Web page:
Engine testing was conducted with a build-up approach and consisted of three phases. First as a ‘dry motor,’ where we used an auxiliary power unit to charge the engine. Next, as a ‘wet motor,’ where we introduced fuel. Finally, each engine was started one at a time and allowed to idle. In these initial tests, each of the six engines operated as expected.
It has been a busy and productive several months since the aircraft left the hangar for the first time and began ground and flight line testing.
The team completed fuel testing, testing all six fuel tanks to ensure proper operations. Each of the six fuel tanks were filled independently to ensure proper operations of fuel mechanisms and to validate the tanks were properly sealed.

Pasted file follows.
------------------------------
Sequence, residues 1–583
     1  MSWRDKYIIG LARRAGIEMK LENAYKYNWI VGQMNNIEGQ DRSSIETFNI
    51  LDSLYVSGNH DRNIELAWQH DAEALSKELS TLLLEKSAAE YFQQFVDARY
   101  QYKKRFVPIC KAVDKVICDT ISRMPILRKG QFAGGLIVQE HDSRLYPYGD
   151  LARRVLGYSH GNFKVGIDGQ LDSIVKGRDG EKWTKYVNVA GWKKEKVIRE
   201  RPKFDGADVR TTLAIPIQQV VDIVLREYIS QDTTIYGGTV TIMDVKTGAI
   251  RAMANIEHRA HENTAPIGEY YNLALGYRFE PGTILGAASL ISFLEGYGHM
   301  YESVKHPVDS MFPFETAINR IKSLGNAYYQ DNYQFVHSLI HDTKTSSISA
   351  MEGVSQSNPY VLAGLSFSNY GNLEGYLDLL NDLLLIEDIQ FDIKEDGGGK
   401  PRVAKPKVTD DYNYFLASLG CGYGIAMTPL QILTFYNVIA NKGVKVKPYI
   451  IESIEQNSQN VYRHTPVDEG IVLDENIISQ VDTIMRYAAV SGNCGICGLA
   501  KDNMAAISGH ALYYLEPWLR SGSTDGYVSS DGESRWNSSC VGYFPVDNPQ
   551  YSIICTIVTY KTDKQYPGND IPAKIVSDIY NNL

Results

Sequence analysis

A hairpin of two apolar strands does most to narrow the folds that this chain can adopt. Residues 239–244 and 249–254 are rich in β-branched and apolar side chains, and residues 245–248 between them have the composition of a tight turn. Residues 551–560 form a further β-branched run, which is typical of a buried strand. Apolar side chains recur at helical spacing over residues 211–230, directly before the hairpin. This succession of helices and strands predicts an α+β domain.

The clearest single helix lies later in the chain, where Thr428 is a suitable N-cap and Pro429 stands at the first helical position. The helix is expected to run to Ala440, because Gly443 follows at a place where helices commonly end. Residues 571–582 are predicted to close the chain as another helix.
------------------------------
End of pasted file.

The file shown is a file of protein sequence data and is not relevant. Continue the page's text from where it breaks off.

In addition to fuel testing, the company began testing the flight control system. They have exercised the full limits of motion and rate of deflection of control surfaces on the wing and stabilizers.
Building up to this week’s engine tests, prerequisite testing of the electrical, pneumatic, and fire detection systems were completed.
Over the next few months, the company will continue to test the aircraft’s engines at higher power levels and varying configurations, culminating to the start of taxi tests.